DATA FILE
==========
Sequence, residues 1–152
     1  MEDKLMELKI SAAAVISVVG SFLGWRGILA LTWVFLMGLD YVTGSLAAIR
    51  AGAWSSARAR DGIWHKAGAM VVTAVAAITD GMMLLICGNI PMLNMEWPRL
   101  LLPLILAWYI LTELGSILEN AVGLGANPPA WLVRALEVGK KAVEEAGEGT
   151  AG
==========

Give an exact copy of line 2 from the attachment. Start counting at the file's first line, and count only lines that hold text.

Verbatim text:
     1  MEDKLMELKI SAAAVISVVG SFLGWRGILA LTWVFLMGLD YVTGSLAAIR